Book Review: STRIKE FROM THE SEA: The Royal Navy & US Navy at War in the Middle East 1949-2003

by Neds Job of the Week
Published on: 12/27/2008
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STRIKE FROM THE SEA: The Royal Navy & US Navy at War in the Middle East 1949-2003

By Iain Ballantyne

Pen & Sword Maritime Books Published in the US by US Naval Institute Press

Reviewed by Capt. Edward Lundquist, US Navy (Ret.)

Iain Ballantyne is my editor at Warships International Fleet Review magazine. I've written a number of articles for him. So when he sent me a copy of his book, I was only too happy to read and share my thoughts with Sea Classics readers.

First of all, Ballantyne writes from experience, that being several embarks made aboard ships in the region during and after the recent operations there, between 1990 and 2001. During the 2003 Iraq War he spent four weeks locked into the 'command bunker' of his UK-based magazine eating, sleeping and breathing 'Shock and Awe'. In the immediate aftermath of Operation Iraqi Freedom he held detailed discussions on front line operations with an SSN captain, Naval helicopter pilots and surface warship COs.

He knows what he's talking about. He also knows that what's going on over in the Gulf Region is based on centuries of history, so starting his account with much background dating from WWII makes a lot of sense and put Allied presence in the region in greater perspective.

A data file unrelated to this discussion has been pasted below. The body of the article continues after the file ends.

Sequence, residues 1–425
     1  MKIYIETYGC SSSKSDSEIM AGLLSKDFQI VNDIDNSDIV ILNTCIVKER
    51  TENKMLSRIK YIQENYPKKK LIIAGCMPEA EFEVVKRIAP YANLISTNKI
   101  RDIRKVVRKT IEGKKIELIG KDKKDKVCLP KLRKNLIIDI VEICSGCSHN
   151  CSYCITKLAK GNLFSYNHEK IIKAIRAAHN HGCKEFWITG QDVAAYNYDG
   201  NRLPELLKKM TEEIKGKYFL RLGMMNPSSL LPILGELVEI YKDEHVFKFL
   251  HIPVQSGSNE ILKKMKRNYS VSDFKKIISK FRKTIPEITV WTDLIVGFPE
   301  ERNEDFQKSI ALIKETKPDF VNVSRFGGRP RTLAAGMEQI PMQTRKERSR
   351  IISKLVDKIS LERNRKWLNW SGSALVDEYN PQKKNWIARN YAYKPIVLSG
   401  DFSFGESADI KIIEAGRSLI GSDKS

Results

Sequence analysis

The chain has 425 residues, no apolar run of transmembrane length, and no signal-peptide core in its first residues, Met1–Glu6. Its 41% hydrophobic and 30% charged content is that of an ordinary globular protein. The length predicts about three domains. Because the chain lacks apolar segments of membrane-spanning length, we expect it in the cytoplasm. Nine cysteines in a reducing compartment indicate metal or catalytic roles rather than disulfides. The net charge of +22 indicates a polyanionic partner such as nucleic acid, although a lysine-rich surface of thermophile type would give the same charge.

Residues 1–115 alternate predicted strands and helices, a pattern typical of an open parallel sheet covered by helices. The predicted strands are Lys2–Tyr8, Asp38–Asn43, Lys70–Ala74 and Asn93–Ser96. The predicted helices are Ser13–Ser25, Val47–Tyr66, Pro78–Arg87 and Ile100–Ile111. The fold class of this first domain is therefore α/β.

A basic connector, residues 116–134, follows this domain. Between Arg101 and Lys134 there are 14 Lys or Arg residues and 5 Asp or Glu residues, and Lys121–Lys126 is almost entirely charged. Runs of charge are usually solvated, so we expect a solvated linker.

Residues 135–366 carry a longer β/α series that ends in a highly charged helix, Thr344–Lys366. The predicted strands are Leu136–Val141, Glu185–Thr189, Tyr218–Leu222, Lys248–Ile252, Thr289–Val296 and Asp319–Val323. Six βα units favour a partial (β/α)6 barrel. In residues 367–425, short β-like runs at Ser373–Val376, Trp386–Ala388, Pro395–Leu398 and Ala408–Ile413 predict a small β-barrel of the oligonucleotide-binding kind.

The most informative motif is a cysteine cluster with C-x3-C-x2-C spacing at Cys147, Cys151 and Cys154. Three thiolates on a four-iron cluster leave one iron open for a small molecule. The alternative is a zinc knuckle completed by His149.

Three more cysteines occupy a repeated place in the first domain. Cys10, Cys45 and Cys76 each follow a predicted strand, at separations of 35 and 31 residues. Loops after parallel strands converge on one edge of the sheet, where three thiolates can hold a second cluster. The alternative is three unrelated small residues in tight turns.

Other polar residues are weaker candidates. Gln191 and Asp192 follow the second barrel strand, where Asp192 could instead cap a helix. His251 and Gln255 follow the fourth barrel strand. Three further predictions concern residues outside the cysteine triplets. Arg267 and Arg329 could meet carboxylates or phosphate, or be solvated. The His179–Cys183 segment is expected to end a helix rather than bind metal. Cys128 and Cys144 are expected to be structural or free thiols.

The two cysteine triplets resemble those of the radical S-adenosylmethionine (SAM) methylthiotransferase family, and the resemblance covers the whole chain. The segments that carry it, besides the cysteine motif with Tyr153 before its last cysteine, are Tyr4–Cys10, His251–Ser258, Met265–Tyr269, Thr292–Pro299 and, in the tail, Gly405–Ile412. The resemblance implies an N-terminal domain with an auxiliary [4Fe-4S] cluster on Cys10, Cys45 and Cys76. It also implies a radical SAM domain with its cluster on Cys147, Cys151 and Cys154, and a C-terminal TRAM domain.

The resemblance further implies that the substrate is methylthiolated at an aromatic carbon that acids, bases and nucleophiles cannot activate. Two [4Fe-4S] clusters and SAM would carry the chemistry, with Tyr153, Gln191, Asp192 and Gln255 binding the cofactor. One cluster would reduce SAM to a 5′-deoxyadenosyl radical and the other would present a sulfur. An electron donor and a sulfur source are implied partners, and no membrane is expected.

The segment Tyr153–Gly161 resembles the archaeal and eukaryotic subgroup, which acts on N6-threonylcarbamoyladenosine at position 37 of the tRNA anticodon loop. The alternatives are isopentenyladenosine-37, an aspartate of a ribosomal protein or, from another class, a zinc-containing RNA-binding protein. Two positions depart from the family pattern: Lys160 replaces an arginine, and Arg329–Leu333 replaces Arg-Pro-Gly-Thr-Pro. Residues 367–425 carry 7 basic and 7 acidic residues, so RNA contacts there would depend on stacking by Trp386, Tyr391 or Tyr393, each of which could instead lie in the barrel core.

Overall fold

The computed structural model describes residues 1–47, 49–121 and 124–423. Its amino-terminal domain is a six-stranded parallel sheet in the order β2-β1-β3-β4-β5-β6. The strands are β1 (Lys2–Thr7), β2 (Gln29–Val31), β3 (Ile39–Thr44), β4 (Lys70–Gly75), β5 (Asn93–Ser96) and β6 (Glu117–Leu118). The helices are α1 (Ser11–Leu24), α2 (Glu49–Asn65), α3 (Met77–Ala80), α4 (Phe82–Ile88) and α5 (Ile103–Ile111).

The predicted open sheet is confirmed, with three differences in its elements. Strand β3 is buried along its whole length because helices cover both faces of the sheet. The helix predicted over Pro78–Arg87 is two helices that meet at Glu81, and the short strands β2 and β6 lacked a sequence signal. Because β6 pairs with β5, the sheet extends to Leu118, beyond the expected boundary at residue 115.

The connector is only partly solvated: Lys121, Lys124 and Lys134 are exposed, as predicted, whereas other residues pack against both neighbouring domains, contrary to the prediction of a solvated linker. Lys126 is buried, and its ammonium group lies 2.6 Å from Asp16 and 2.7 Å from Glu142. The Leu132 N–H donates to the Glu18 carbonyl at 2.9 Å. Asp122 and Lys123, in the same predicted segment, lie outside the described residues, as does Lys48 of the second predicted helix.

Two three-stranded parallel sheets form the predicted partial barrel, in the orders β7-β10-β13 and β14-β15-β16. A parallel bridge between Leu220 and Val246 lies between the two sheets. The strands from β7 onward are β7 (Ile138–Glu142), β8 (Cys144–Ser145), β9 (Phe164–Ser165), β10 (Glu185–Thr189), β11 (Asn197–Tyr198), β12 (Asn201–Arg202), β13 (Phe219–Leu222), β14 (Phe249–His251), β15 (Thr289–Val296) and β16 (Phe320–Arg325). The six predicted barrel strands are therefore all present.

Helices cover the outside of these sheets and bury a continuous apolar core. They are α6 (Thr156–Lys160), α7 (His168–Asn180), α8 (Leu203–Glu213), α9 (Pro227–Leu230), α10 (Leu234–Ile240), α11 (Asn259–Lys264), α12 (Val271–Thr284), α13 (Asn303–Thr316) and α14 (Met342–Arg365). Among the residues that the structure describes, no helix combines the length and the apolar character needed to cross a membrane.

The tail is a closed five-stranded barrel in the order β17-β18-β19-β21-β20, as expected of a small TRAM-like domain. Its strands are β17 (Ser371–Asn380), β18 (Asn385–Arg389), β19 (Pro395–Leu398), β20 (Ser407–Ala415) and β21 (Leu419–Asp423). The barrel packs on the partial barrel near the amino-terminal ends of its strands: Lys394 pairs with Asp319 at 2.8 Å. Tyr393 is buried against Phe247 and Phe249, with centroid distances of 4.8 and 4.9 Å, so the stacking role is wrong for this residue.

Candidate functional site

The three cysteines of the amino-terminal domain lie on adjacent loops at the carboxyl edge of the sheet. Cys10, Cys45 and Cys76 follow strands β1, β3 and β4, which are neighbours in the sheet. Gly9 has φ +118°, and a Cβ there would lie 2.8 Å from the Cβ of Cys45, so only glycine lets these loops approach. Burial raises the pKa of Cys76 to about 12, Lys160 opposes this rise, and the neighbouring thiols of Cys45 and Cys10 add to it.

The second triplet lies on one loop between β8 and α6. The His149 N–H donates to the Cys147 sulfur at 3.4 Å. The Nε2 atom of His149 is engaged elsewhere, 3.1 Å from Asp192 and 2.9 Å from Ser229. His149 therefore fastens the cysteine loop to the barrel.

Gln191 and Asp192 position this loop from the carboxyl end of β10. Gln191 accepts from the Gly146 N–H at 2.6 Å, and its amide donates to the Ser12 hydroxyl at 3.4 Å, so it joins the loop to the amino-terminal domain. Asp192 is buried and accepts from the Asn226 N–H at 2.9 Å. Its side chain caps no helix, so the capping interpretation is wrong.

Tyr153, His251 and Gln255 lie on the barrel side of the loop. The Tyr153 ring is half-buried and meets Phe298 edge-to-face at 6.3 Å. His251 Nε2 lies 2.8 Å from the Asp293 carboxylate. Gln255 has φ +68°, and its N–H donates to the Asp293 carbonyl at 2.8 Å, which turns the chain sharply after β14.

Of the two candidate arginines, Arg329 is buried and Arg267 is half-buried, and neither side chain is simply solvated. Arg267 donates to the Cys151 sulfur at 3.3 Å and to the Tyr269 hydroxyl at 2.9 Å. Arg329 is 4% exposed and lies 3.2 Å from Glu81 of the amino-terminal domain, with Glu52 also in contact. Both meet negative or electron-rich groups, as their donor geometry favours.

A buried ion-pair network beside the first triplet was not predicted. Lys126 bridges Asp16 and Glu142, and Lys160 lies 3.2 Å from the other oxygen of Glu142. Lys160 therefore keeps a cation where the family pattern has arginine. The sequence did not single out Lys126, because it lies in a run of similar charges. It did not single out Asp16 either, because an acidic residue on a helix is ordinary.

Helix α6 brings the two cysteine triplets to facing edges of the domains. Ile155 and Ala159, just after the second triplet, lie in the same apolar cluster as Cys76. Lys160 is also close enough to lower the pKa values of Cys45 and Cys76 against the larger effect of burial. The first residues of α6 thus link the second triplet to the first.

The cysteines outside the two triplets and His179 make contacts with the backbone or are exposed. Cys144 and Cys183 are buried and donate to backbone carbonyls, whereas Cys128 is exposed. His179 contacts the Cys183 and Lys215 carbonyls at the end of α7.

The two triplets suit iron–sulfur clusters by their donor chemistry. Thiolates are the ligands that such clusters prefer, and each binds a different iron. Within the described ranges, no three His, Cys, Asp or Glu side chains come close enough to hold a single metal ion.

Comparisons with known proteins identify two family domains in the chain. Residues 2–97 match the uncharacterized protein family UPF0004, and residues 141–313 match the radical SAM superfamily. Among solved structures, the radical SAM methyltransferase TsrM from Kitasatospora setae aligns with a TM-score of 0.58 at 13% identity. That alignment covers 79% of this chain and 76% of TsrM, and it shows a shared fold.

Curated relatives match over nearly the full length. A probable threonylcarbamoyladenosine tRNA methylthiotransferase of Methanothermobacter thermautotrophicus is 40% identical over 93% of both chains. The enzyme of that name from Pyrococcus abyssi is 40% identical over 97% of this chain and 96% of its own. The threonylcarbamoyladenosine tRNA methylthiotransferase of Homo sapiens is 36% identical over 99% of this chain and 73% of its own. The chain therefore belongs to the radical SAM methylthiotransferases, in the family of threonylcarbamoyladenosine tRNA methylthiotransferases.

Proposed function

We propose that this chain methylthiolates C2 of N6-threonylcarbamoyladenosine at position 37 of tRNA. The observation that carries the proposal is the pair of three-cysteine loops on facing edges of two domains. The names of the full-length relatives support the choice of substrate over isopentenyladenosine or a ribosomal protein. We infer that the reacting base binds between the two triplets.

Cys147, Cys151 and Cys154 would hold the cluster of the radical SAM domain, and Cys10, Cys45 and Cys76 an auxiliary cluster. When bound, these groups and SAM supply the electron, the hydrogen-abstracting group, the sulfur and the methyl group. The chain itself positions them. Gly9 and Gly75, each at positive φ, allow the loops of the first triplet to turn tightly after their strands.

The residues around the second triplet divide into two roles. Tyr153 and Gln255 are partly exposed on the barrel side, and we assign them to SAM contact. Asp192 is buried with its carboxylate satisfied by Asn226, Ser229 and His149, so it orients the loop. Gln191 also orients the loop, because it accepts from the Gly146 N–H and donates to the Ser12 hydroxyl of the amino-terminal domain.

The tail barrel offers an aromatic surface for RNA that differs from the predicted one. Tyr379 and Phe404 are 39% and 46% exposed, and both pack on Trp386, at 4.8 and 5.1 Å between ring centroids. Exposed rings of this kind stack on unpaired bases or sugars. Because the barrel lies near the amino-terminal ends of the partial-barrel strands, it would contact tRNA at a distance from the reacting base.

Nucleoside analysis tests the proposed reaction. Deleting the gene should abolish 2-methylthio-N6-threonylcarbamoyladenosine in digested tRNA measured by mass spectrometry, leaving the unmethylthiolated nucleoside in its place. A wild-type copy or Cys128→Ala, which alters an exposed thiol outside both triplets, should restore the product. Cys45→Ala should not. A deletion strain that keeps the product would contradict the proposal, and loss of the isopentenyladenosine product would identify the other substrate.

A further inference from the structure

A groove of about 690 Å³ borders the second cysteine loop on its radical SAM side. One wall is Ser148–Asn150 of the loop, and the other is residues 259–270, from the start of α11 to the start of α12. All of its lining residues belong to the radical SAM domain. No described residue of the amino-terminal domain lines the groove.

Chapter one starts us off with the Suez Crisis as a preliminary event we need to comprehend before the later pieces of the puzzle can fall into place. In fact, many of the events in that part of the world are difficult to comprehend. Why during the Suez Crisis, the normally closely allied Royal Navy and US Navy weren't sure if they were on the same side. But the sailors in both Navies had to contend with the same long deployments in the scorching hot Middle East sun, gulping salt tablets. Ballantyne also share with us the stories of ships who spent significant time in the Gulf, like the British frigate Ashanti, or the US Flagship USS Duxbury Bay.

This sets the scene for decades of Naval presence in this hot but strategically important region.

Ballantyne gives us a very personal account of the events leading up to the first Gulf War, including the Iraqi invasion of Kuwait, the Desert Shied build-up and the Desert Storm military action that restored Kuwait and decimated the Iraqi forces, at least for a few years. We then see the enforcement of the No-Fly zones in northern and southern Iraq and move through the build-up to the 2003 war to remove Saddam, including also an account of the post 11 September War on Terrorism from the Naval perspective.

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